Category Archives: Wily Technology

Disruptive business model: Lew Cirne, serial entrepreneur on the future of Enterprise Software

Lewis Cirne (@sweetlew) believes that enterprise software needs to change, and his latest venture, New Relic, has blazed a path to do just that.

DOWNLOAD AND LISTEN to the interview with Lewis Cirne.

Lew’s first company, Wily Technology, was a classic garage-based tech startup (actually started in his living room in Santa Cruz) that grew from one person to 300+ people before being acquired by CA in 2006 for $375M. (Full disclosure: I worked for Wily as director of strategy from 2003 through the exit.)

After a year with CA and some time off to reflect, Lew started again, solving a similar business problem, but with a mission to hack out the massive cost of sales associated with most enterprise software.  Lew points his team to the craftsmanship of the iPhone, and the friction-free design of Facebook and Twitter as models for New Relic’s enterprise offering, and in fact his lead investor is Peter Fenton of Benchmark Capital who also led a huge round for Twitter in 2009.

New Relic is now 2 years old and has over 4,200 customers*. Lew tells us that this approach eliminates as much as 80% of the delivery costs, and takes months out of the innovation cycle. Is the model sustainable? What kind of exits are available to SaaS-based enterprise software companies? What does this model mean to the future of enterprise software?

Check out Lew’s answers in this episode of Take 5: our conversation on leadership, technology, and product management.

DOWNLOAD AND LISTEN to the full interview with Lewis Cirne.

* Errata: The audio uses the number of 40,000 websites; this was my error. Lew wrote me to clear this up: “We collect data on more than 40,000 JVM’s or Ruby Instances every minute, which does not correlate 1:1 with applications. (Many apps aggregate across multiple JVM’s or Ruby runtimes.) I use the 40,000 number to talk about the scale of the data we collect, rather than the size of our customer base. I don’t have up-to-date numbers on the number of actual apps we collect data on, but I would imagine that it’s over 5,000 since we have nearly 4200 production customers now and some of them have multiple apps (some have dozens in a single account). Anyway, just want to be sure we’re not over-representing ourselves.)”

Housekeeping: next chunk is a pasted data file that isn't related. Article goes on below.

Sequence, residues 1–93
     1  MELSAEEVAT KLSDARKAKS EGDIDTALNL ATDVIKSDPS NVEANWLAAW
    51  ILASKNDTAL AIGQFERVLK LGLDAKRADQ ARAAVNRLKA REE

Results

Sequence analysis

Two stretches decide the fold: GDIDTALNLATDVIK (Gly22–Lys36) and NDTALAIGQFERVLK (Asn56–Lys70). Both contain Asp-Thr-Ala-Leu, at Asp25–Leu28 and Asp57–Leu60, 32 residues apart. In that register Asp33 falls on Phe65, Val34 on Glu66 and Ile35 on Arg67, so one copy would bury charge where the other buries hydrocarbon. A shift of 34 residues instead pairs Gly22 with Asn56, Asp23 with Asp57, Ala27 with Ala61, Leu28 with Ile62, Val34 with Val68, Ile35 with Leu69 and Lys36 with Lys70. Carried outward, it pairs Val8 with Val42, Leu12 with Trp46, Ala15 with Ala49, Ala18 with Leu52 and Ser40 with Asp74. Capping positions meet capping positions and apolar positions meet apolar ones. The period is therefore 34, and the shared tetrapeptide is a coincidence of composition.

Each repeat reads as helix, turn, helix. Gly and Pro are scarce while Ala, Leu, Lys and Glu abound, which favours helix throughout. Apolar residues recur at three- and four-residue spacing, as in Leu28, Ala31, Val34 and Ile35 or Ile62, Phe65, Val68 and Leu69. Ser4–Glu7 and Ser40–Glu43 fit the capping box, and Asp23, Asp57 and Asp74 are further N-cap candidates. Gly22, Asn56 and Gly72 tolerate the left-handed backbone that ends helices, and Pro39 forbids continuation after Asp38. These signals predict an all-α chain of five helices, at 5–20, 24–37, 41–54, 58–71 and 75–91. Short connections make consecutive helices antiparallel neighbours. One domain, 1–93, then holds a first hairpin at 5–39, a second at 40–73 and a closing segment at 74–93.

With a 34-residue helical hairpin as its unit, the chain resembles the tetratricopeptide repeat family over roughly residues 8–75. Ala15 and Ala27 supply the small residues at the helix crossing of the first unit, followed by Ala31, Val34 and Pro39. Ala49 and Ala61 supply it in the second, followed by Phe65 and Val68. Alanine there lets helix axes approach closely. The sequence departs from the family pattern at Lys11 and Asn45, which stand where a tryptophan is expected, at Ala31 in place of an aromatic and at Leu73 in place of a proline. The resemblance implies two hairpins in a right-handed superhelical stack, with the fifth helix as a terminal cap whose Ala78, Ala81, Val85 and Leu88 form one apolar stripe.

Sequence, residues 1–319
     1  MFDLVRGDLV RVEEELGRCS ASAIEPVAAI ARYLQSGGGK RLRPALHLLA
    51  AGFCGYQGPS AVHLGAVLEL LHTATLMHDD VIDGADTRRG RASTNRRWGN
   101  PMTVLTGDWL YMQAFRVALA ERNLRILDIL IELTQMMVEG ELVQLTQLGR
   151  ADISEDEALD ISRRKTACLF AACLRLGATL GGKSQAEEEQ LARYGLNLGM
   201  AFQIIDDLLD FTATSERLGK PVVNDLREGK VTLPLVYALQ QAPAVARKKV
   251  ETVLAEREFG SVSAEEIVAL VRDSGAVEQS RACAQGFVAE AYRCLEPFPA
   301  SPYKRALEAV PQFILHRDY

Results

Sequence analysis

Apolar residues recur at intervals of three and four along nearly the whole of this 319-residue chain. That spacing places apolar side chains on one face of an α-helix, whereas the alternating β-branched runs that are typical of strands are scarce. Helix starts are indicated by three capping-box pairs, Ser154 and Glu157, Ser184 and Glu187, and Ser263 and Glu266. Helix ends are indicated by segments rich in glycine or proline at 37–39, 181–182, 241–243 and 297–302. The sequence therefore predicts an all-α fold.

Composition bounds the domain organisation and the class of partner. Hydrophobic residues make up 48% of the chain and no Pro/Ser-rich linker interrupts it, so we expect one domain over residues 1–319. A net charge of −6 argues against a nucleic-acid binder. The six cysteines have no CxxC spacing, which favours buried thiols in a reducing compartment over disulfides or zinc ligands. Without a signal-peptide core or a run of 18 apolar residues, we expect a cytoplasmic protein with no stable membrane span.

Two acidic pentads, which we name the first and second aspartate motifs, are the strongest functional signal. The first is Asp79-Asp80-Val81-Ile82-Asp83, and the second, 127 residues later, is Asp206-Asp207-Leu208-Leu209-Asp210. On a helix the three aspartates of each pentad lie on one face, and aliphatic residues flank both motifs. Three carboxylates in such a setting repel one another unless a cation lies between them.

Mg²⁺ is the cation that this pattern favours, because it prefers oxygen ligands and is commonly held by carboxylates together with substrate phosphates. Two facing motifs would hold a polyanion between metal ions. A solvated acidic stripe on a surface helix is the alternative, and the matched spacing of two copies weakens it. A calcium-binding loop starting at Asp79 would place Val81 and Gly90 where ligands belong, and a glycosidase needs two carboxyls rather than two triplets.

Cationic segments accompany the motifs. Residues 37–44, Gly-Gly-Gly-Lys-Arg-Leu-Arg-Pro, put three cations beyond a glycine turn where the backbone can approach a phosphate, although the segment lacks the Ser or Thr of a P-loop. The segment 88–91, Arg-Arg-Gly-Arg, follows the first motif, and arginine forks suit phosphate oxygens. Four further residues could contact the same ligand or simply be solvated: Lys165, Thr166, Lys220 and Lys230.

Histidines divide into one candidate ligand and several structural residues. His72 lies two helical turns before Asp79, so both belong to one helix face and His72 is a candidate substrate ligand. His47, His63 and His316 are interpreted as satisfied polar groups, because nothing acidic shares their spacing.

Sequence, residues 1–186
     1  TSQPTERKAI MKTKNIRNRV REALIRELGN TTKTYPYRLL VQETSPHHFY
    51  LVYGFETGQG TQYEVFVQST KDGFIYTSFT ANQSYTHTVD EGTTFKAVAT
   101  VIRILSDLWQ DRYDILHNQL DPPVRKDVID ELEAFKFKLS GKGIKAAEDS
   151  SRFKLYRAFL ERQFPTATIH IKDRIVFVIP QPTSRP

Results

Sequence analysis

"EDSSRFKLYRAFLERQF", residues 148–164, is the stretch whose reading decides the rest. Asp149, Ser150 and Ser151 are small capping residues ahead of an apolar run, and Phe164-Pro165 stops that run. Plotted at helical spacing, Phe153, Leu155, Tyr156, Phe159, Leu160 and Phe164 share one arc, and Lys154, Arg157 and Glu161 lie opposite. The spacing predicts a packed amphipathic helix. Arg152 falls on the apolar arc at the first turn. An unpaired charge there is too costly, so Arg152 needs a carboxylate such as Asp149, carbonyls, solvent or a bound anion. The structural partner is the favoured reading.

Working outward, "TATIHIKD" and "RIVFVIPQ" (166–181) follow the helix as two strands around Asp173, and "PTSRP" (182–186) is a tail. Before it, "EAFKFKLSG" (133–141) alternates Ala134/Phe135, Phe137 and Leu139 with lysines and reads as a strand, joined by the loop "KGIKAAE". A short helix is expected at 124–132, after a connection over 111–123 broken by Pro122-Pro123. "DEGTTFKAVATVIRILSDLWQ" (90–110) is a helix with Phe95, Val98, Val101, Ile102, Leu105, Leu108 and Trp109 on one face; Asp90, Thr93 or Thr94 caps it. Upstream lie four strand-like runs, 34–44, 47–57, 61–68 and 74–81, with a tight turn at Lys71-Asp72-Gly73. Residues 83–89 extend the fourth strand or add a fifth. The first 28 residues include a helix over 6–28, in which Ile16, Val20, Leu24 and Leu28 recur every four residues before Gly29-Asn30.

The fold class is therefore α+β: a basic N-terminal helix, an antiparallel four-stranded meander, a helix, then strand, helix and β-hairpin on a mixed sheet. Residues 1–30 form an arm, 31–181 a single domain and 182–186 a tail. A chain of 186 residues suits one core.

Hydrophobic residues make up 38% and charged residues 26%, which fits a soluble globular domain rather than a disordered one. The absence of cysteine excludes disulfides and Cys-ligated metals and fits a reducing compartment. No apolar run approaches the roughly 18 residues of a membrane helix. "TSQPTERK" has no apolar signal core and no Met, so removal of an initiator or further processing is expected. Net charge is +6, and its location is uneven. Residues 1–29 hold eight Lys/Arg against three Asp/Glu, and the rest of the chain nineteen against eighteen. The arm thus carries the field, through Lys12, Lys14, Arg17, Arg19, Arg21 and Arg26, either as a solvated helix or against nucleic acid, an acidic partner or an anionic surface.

Thanks Lew! Alan

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Primary product requirements

Some products seem to fail at their primary requirements. What is the primary requirement of your product? Here are a couple of examples from everyday life. I hope these examples help you reflect on the primary use case of your product and how well it delivers.Which one is the salt spreader?

Example 1: Salt Spreader

This past Sunday I arrived at church and found the parking lot to be one big sheet of ice. It was worse than a skating rink because the temperature was above freezing, so the ice was thick but melting and thus wet. Some cars were sliding around with no traction whatsoever. Worried about the others arriving, I quickly found the salt spreader, pictured here alongside the tool that I ultimately used to spread the salt. You see, the salt spreader (blue) works very well when you have traction; when you push the spreader, salt falls through a hole in the bottom of the basin and a spinning disk throws the salt horizontally and very effectively distributes the salt across a wide area. The trouble is that when the spreader is on ice, the spreader simply slides along the ice, the wheels don’t have traction, don’t turn, and therefore the spreading disc doesn’t turn. This renders the tool completely ineffective. I believe I could spread salt on a surface of dry pavement, and no doubt it would work to spread grass seed on soil. But that’s not the primary use case! Normally when you’re spreading salt, you’re spreading it on a sheet of ice.